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smulji

macrumors 68030
Feb 21, 2011
2,847
2,715
Do you sit on the internet all day and criticize people's work or do you criticize their work to their face? Because no one likes either.
Too bad, so sad. If your work is s**t, it deserves to be called out. This is the big leagues, not high school. Even Steve Jobs called people’s work s**t when necessary. Those who couldn’t handle the heat, didn’t make it.
 

dwaite

macrumors 65816
Jun 11, 2008
1,227
1,008
I wouldn’t say he “called them out”. He asked a couple softball questions and bent over backwards to make their minimal answers look like home runs.

I get that he’s not going to get a bunch of apple execs booked year after if he’s tough, but this has become a waste of time. I don’t think asking a follow up or two would destroy his access.
They have zero requirement to answer the hard hitting questions with anything other than "we do not talk about future products" or another refusal. I don't know what sort of hard-hitting interview you think he was capable of getting out of them.
 

wigby

macrumors 68030
Jun 7, 2007
2,753
2,718
Too bad, so sad. If your work is s**t, it deserves to be called out. This is the big leagues, not high school. Even Steve Jobs called people’s work s**t when necessary. Those who couldn’t handle the heat, didn’t make it.
Ever since Jobs came back to Apple, he was a much different man. According to those around him, he was kinder and quicker to admit when he was wrong. I suppose you can pick which Jobs you prefer but please don't compare yourself to him.
 

Leehro

macrumors member
Aug 11, 2007
38
20
They have zero requirement to answer the hard hitting questions with anything other than "we do not talk about future products" or another refusal. I don't know what sort of hard-hitting interview you think he was capable of getting out of them.

That's not what I said. I don't expect hard hitting questions or questions about future products. There were barely any actual questions in the first place. He just kept equivocating and repeating their marketing messages ahead of any actual question, so he never really got to one. These are top executives at the most successful company. Ask them an actual question about the products they did make.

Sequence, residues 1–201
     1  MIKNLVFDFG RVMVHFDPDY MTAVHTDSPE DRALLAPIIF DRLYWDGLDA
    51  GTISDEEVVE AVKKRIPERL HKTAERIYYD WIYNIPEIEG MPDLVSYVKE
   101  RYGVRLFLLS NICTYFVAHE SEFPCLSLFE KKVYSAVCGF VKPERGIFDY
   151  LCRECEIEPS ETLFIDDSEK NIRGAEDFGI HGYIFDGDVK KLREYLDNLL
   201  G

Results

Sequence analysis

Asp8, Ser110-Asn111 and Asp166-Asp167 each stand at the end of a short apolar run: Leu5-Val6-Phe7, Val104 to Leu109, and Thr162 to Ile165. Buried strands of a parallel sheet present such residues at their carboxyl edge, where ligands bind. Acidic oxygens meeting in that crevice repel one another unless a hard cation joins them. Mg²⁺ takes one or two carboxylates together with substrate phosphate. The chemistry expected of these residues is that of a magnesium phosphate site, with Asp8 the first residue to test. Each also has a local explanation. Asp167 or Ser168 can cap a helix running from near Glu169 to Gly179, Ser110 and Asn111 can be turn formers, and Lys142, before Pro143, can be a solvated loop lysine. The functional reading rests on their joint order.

He could have asked about past products. Here's one: "The Mac Pro is your most capable and most expandable Mac. I know you have customers that love it, and they paid the price so they could configure it with additional GPUs and memory. The new model doesn't support that. What do you say to those customers? Why should they buy it over something else (like a Studio)" And then ask a follow up question, like "Are you interested in that market?". He was on to something with the mention of servers and cloud computing, but didn't really ask a question there.

It's a totally fair question about their most expensive computer. I doubt that would be off limits, but if it is, it just proves that these have become a total waste of time.
 

dwaite

macrumors 65816
Jun 11, 2008
1,227
1,008
Why should they buy it over something else (like a Studio)" And then ask a follow up question, like "Are you interested in that market?". He was on to something with the mention of servers and cloud computing, but didn't really ask a question there.
They give some vague answer about how they continue to be interested in serving the workflow needs of professionals, then if pressed further say they don't discuss future products.

The reality is that current M1/M2 SOCs have (common ARM) limitations that prevent efficient use by off-the-shelf dGPU/eGPU options.

If the real question is, "does Apple see it as important to make dGPU/eGPU work", I think the answer given was that they were more focused on making their iGPU and other parts of their existing SoC meet customer needs, and that when they look at real customer workflows the memory architecture enabled things dGPU/eGPU can't.

Asking about whether they have a product today that would help people with currently-GPU-requiring workflows _and_ existing tools for Mac (such as ML training) was a great way to go with the question, but the result was still a bit of a non-answer.